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Health research capacity of professional and technical personnel in a first-class tertiary hospital in northwest China: multilevel repeated measurement, 2013–2017, a pilot study



To explore the health research capacity (HRC) and factors associated with professional and technical personnel (PTP) in a first-class tertiary hospital in northwest China.


We collected the repeated measurement data from a first-class tertiary hospital in northwest China between 2013 and 2017. HRC of PTP was assessed by a comprehensive evaluation system and measured by research capacity score (RCS). The participants were divided into research group (RCS >0) and comparison group (RCS = 0); participants of the comparison group were selected by two-stage stratified random sampling. Multilevel model for repeated measures was used to investigate the potential factors associated with HRC.


A total of 924 PTP were included (308 in the research group and 616 in the comparison group). This study found consistent growth in RCS and associated 95% CIs for the hospital during 2013 and 2017. The linear multilevel model showed PTP with a doctorate degree had higher RCS than those with a master’s degree (β, 1.74; P <0.001), bachelor’s degree (β, 2.02; <0.001) and others without a degree (β, 2.32; P <0.001). Furthermore, the PTP with intermediate (β, 0.13; = 0.015), vice-high (β, 0.27; P = 0.001) and senior (β, 0.63; P <0.001) professional titles had higher RCS than those with junior positions. Compared with PTP in the administration, those in paediatrics had higher RCS (β, 0.28; P = 0.047) though similar to PTP in other departments. PTP with an administrative position had a higher RCS than those in non-administrative positions (β, 0.26; P <0.001). The RCS increased with the research fund (β, 0.15; P <0.001). However, no associations were found between RCS and sex, age, ethnic, graduate school or technical type.


HRC with associated variation of PTP for the hospital in northwest China increasingly improved and degree, professional title, administrative position, and research fund were related to HRC of PTP. Multi-central prospective studies are needed to clarify the potential relationship of related factors and HRC of PTP.

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Health research provides new knowledge that can be transferred into practice [1], creates advanced care environments [2], enhances the support available to patients and their families [3], and has been described as the missing link in the development of high-quality, evidence-based healthcare for the population [4]. Research outputs from hospitals have grown faster than those from universities, especially since 2006/2007 [5] and hospitals engaged in research have been recognised as providing better patient care [6]. Physician-scientists play a unique and critical role in health research [7]. Furthermore, with evidence-based practice spreading worldwide, professional and technical personnel (PTP) are responsible for delivering high-quality care based on the best evidence [8]. Therefore, the health research capacity (HRC) of PTP plays vital role in health research.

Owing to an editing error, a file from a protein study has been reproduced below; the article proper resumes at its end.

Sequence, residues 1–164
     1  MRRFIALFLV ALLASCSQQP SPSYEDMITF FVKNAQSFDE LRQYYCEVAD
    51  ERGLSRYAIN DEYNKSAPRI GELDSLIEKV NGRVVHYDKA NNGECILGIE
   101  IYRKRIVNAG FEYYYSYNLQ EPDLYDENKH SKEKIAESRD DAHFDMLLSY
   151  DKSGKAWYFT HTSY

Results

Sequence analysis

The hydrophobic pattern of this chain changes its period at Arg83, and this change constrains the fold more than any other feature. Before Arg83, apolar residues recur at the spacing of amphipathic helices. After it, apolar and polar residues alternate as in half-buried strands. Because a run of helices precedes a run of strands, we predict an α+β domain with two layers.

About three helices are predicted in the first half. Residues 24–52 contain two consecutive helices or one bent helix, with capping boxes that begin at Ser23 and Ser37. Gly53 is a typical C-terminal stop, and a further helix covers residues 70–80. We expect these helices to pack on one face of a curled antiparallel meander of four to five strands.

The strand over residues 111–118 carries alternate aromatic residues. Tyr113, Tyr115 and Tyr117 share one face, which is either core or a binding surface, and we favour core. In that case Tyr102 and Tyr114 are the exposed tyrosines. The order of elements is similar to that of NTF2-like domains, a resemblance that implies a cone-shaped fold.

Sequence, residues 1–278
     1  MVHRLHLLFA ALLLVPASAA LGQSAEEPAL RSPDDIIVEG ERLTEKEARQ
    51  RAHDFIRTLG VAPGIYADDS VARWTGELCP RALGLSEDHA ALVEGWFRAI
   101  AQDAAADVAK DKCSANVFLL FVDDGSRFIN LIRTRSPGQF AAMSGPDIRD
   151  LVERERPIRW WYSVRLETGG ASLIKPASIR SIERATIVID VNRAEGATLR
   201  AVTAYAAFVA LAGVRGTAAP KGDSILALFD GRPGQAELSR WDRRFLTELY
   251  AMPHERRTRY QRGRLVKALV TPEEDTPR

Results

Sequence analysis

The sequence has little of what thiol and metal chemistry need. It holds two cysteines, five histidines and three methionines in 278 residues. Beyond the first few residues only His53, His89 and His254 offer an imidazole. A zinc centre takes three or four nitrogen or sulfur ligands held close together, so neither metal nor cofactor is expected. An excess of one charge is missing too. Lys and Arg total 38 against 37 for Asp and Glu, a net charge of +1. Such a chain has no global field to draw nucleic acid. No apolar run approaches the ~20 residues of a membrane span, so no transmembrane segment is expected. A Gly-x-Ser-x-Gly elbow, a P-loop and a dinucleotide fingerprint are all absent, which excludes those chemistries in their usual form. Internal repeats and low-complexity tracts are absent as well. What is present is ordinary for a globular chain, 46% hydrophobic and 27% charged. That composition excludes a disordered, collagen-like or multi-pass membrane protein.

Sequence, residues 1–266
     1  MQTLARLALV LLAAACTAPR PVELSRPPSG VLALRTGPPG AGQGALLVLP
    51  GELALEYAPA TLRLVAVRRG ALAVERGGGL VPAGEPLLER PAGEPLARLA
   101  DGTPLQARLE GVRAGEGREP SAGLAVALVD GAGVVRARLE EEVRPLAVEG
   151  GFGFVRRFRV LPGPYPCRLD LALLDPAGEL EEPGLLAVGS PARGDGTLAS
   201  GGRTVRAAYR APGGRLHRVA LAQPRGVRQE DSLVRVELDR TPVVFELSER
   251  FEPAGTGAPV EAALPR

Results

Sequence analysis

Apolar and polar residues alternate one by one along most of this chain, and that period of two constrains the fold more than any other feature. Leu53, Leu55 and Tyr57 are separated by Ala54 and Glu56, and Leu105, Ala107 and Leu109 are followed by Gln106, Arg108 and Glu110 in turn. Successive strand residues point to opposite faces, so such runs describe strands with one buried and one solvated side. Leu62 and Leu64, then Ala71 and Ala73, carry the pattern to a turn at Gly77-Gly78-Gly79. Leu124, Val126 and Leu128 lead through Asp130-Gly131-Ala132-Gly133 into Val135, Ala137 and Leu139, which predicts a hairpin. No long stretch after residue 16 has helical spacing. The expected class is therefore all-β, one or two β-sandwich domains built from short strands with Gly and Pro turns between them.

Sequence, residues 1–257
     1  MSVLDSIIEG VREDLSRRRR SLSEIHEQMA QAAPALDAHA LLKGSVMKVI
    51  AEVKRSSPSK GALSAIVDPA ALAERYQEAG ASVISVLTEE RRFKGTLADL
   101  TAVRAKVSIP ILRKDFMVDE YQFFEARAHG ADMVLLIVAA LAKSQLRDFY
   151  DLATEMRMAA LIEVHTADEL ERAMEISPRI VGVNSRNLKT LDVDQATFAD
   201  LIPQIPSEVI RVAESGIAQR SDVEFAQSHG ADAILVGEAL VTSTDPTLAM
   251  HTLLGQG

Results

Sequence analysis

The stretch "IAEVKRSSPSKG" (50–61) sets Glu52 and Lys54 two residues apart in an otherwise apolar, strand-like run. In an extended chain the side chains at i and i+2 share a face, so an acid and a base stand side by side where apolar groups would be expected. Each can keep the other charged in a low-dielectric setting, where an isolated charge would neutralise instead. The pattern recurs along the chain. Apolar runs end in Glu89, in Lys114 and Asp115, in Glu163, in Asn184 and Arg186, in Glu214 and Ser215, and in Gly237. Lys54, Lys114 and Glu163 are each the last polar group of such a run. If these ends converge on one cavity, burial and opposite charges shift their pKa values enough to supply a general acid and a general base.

In recent years, studies on HRC have focused on nursing [9,10,11], midwifery [12], pharmacists [13] and other healthcare areas. However, developing high-quality hospital-based research is needed in our health system as well as for various PTP [14]. In addition, different approaches and indexes have been used to assess the HRC for nursing [10, 15,16,17] and salary sources, research funding, time spent in research, bibliometric analyses and other non-comprehensive indexes have been used to evaluate the HRC among other PTPs [10, 18,19,20]. However, there is no standardised method for measuring research capacity [18].

Based on a hospital's ability to provide medical care, medical education and conduct health research, hospitals in China are designated as primary, secondary or tertiary institutions [21]. Tertiary hospitals perform a larger role with regard to medical education and scientific research and serve as medical hubs providing care to multiple regions and are superior to primary hospitals and secondary hospitals [22, 23]. Furthermore, based on the level of service provision, size, medical technology, medical equipment, and management and medical quality, these three grades are further subdivided into three subsidiary levels, resulting in a total of nine levels. A first-class tertiary hospital is more specialized than any other level.

To date, no research has focused on hospitals of northwest China, where the HRC of PTP is in its initial and developmental stage. Therefore, herein, we chose all of the PTP in a Chinese first-class tertiary hospital of northwest China as the research objective. Health delivery systems vary considerably between different countries; thus, the HRC was assessed by a comprehensive evaluation system specific for China [24]. Additionally, some studies in HRC among other medical staff have been cross-sectional studies [2, 25], whereas others have used multiple linear regression analysis [26, 27], which ignores delayed effects [28] and long-term nature of scientific research [29]. Therefore, this study adopted the multilevel repeated measurement model [30, 31] to explore the HRC and factors associated with all PTP in a first-class tertiary hospital in northwest China.